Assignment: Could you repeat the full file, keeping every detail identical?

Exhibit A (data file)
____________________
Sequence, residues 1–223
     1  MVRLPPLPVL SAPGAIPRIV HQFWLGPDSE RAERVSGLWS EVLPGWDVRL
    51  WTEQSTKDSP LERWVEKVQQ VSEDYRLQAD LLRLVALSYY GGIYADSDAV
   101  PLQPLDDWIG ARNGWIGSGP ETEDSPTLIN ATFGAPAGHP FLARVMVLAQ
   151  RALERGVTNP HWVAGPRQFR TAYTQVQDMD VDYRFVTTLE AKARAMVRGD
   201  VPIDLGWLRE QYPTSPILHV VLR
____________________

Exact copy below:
Sequence, residues 1–223
     1  MVRLPPLPVL SAPGAIPRIV HQFWLGPDSE RAERVSGLWS EVLPGWDVRL
    51  WTEQSTKDSP LERWVEKVQQ VSEDYRLQAD LLRLVALSYY GGIYADSDAV
   101  PLQPLDDWIG ARNGWIGSGP ETEDSPTLIN ATFGAPAGHP FLARVMVLAQ
   151  RALERGVTNP HWVAGPRQFR TAYTQVQDMD VDYRFVTTLE AKARAMVRGD
   201  VPIDLGWLRE QYPTSPILHV VLR